When Gov. Jerry Brown of California walked out onto the Phillips Station snow course near Lake Tahoe on April 1, 2015, for the annual end-of-winter snow survey, he stepped only on bare ground. This year, surveyors were greeted with a much more welcome sight: a sizable snowpack that accumulated over the winter thanks to a spate of storms that nearly wiped out the deep, devastating drought that has plagued California over the past five years.
With the snowpack now at more than 160 percent of normal statewide levels, officials are facing the opposite issue, with potential for flooding as snowmelt runs into streams and reservoirs already swollen with winter rains.
While California is no stranger to such boom-and-bust water years, the state is facing the potential for significant hydrological changes over the next few decades as global temperatures continue to rise with the accumulation of heat-trapping greenhouse gases in the atmosphere.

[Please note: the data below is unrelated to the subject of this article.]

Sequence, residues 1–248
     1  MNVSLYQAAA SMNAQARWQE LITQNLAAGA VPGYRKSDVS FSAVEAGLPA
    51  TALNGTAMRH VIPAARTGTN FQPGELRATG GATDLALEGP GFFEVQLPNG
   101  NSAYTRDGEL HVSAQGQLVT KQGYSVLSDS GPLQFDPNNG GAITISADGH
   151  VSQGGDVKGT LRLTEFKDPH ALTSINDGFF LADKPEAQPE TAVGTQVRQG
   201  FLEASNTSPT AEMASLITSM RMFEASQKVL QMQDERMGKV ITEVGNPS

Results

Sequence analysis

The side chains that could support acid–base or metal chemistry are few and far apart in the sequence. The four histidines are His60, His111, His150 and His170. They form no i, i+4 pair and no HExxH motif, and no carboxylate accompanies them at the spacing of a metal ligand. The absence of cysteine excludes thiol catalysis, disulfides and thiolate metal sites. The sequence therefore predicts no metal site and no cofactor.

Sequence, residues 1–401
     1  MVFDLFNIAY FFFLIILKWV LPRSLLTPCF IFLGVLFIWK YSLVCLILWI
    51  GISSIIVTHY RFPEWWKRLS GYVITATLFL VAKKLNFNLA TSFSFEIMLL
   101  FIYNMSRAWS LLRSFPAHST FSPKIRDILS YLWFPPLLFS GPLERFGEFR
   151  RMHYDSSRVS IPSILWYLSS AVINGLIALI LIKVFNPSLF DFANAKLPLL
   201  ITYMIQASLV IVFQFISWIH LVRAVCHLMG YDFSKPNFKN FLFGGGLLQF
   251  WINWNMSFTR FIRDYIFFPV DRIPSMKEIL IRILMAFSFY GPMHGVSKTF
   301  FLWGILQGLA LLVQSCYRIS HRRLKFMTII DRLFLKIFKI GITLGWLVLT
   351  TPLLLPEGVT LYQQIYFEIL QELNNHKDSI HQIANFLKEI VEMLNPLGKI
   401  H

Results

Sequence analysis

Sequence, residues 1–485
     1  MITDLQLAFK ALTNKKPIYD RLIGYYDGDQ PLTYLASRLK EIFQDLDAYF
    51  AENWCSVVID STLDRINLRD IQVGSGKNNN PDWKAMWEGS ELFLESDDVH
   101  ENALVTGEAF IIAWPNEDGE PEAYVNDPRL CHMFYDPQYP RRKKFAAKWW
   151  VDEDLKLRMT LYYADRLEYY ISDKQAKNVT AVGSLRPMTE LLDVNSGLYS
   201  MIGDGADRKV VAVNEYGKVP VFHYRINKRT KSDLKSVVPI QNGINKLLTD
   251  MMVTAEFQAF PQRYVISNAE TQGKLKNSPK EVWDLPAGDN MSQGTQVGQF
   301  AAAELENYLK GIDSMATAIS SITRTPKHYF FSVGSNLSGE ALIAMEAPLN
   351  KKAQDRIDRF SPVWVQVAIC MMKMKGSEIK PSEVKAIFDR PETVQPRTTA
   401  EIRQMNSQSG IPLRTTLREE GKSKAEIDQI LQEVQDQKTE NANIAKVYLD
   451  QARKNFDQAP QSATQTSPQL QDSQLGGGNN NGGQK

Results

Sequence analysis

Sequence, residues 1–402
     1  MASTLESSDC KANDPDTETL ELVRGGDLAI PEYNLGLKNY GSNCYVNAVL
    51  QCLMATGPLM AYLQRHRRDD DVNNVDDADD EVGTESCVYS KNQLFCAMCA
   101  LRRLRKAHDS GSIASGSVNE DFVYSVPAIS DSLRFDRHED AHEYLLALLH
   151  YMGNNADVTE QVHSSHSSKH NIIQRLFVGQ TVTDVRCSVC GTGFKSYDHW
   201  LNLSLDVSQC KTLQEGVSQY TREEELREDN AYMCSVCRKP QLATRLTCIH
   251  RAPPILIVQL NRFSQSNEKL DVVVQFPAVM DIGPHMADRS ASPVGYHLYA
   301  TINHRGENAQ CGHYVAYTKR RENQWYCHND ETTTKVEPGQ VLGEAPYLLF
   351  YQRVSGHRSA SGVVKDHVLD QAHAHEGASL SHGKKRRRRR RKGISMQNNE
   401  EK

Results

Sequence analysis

The resulting changes in California’s climate will mean that more winter precipitation falls as rain rather than snow, and that what snow there is will melt earlier in the season, reducing the amount of meltwater available to top up reservoirs in the hot, dry summer months.
Read more at Calif. Snowpack Healthy Again, but Warming Looms Large